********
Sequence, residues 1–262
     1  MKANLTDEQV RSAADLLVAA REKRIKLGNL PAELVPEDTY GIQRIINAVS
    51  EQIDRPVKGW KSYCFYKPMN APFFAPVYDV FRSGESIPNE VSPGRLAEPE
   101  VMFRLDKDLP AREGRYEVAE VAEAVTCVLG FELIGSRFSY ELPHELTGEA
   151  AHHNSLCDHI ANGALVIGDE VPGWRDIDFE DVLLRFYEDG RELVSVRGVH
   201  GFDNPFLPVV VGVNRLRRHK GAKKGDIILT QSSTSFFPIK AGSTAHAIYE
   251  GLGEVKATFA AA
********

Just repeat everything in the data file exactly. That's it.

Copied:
Sequence, residues 1–262
     1  MKANLTDEQV RSAADLLVAA REKRIKLGNL PAELVPEDTY GIQRIINAVS
    51  EQIDRPVKGW KSYCFYKPMN APFFAPVYDV FRSGESIPNE VSPGRLAEPE
   101  VMFRLDKDLP AREGRYEVAE VAEAVTCVLG FELIGSRFSY ELPHELTGEA
   151  AHHNSLCDHI ANGALVIGDE VPGWRDIDFE DVLLRFYEDG RELVSVRGVH
   201  GFDNPFLPVV VGVNRLRRHK GAKKGDIILT QSSTSFFPIK AGSTAHAIYE
   251  GLGEVKATFA AA